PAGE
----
My two VUDBs will be escorted by the crotchety old AMD White-Laffly armoured car armed with a machine gun and a paltry 37mm cannon. Both this and the two VUDBs wll be models by Mad Bob Miniatures.


I’ve also added one of the ubiquitous French 75mm guns to give at least some relatively effective firepower. To keep costs down, I haven’t got a towing vehicle for it yet – I imagine it won’t move too much in an actual game.


And of course there’ll be that curious Dodge Tanake, also armed with a 37mm cannon.

So, on order tonight:

  • 2 x Berliet VUDBs (Mad Bob Miniatures)
  • 1 x AMD White-Laffly armoured car (Mad Bob Miniatures)
  • 1 x Dodge Tanake armoured truck (Perry Miniatures)
  • 1 x 75mm light artillery piece (Perry Miniatures)
  • 2 x sections of FFL infantry in kepis, including a couple of light machine guns and some anti-tank grenades (Perry Miniatures)


14 thoughts on “Sacré bleu, a horse-and-musket gamer goes WW2

  1. Bon jour Arteis – tres ,tres bien Mon Ami !!!!

    I too have met a couple of Legionnaires !!!

    Keep it up – you might get fully converted to WW 2 yet .

    I have many books on the subject .
    Probably hundreds of little men to paint up .

    I have my Battle of Crete diorama – and I would love to model -The Greek -Italian conflict ,plus The battle of Greece , North Africa and Italy .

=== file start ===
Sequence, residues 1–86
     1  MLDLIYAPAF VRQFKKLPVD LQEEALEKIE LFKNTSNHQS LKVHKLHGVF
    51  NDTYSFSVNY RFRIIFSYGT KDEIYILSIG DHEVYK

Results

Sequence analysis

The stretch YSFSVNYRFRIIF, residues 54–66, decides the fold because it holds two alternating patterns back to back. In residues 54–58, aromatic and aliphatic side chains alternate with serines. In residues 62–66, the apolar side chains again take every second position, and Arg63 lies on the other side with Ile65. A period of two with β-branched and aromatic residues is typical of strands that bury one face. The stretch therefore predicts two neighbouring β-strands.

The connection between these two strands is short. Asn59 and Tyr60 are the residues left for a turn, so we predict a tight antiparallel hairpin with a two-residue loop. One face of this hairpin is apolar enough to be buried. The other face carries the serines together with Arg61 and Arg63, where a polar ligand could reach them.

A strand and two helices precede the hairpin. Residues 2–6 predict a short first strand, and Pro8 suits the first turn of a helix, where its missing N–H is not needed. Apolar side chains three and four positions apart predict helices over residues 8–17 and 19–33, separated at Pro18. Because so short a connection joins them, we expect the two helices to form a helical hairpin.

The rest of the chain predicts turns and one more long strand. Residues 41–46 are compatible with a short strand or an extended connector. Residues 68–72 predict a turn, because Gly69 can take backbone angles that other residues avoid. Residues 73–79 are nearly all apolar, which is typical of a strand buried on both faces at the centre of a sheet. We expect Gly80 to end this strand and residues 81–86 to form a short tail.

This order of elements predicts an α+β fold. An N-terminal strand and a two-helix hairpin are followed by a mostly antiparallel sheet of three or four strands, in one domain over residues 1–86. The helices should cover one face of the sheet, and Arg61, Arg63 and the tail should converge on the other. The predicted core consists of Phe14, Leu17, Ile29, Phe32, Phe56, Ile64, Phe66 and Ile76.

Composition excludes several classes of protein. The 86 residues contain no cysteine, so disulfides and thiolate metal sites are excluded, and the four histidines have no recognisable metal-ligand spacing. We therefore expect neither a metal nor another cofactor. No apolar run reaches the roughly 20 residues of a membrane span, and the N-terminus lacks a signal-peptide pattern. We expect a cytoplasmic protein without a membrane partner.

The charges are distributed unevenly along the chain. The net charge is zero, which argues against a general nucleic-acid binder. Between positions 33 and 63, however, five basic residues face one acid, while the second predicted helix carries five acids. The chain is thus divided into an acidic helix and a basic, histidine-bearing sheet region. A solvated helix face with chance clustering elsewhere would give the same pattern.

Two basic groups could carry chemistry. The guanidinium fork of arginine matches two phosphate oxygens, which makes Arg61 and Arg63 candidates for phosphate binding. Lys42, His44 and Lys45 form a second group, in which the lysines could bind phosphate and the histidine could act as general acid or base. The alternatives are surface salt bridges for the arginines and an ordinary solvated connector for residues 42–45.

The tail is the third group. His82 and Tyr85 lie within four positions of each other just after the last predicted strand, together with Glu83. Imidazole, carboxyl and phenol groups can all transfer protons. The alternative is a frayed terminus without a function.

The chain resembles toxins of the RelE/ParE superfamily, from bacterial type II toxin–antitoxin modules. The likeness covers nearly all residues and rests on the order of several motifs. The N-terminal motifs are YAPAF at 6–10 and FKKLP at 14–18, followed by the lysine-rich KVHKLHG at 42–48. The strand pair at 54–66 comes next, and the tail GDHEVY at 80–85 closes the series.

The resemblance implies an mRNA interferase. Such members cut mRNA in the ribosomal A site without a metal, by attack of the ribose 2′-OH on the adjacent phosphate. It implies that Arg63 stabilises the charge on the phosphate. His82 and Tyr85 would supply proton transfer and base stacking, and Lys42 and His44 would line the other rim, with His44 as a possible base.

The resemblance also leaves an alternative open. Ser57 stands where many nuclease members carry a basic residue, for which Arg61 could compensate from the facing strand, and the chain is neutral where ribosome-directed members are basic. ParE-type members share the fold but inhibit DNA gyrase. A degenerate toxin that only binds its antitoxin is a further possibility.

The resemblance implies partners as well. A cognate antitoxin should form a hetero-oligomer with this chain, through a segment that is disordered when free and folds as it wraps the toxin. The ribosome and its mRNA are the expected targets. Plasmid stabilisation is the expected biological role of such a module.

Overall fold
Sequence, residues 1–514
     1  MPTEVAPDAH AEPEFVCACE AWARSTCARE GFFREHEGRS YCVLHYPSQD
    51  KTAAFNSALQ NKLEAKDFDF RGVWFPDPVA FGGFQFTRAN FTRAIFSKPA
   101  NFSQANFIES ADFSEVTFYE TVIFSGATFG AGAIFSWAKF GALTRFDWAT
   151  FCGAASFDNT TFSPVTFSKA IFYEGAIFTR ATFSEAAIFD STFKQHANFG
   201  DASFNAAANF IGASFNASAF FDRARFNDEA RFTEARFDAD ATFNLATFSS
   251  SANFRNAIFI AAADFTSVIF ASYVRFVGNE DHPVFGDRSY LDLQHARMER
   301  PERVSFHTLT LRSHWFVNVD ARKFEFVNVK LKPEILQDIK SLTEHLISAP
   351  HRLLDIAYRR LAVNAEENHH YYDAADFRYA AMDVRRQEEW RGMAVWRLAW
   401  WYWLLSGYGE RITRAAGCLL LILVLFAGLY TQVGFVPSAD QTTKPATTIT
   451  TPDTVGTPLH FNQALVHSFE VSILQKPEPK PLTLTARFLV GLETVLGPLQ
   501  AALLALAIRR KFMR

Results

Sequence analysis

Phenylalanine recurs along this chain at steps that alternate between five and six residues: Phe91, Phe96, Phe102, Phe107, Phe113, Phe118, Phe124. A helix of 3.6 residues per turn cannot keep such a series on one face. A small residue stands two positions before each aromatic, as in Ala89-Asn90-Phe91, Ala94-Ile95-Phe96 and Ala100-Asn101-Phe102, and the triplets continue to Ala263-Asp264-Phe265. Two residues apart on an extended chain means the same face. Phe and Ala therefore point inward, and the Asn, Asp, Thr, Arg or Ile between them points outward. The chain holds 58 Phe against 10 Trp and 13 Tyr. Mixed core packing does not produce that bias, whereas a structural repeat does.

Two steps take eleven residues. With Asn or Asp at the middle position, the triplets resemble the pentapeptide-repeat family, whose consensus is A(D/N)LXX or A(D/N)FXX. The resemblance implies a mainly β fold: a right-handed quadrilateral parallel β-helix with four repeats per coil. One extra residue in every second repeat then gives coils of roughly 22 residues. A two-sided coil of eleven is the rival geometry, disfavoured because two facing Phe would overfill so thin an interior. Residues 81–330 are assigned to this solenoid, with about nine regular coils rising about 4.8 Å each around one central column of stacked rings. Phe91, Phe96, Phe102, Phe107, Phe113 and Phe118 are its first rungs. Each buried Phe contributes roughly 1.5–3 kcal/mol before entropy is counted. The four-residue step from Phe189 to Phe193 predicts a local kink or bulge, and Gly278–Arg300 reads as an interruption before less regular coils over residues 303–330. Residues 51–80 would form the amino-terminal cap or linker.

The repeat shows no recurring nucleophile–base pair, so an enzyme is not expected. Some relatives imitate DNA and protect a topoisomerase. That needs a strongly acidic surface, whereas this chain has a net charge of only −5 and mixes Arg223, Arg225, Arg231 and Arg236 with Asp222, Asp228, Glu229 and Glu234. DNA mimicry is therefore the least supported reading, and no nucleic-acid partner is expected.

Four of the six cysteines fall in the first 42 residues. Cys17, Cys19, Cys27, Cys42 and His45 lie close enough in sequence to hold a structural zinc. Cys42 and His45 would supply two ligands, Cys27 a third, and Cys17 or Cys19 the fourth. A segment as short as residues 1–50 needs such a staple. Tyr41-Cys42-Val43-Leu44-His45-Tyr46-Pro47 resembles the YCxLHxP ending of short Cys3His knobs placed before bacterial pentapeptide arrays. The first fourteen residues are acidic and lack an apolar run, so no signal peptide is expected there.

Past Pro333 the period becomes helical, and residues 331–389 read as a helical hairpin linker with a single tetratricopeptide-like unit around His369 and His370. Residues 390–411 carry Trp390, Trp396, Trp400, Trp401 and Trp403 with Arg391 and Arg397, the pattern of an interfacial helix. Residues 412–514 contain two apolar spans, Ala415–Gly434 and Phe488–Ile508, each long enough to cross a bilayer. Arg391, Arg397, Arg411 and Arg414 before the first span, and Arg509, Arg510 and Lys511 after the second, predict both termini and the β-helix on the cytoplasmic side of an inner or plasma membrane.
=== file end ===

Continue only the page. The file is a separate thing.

All the conflicts where Greeks fought on the same side as the Kiwis and Aussies.

    Speaking of Aussies my wife and I recently went to Sydney where I went to a shop that sold lovely pewter models of WW1 ANZACS ,WW2 and older conflicts – really nice -but very pricey . I purchased a WW1 New Zealander plus an Australian to use as – models over my WW1 Western front diorama .

    We also went to the Australian War Memorial in Canberra . Very poignant to see – the long lists of names of WW1 & WW2 Aussie dead -where people had stuck Aussie style poppies next to the names of their family member .
    There were lots of displays there too -Aircraft ,trucks , a kubelwagen , etc.
    Well must go now mon ami…
    Au revoir ,
    Nick Papadopoulos …Le Grec .

    1. I’m totally new to this period … something wrong with Max Hastings? Whatever, his writing certainly inspired me into a period I never thought I would touch.

  2. Looks like fun. Hmmm, already have the Artizan FFL painted, thanks for the heads up on the Mad Bob site vehicles.

  3. Good to see that you have your wargaming mojo back again Roly. I’ll look forward to watching your project develop.

  4. Unusual historical period indeed. My grandfather fought in the Battle of Madagascar against the Vichy French (British Army, 2 Btn Wiltshire Regt). Possibly and hopefully the last time our two nations clash! It could provide some interesting game scenarios, Madagascar being a pretty unusual landscape! Cheers, Paul

  5. Excellent, looking forward to seeing your progress in this… I will of course have troops for you to play against, whether yanks against your Vichy, or Early Blitzkrieg Germans…. I am really enjoying collecting and painting these troops too, like you taking me back to my youth…. and the game is great fun too…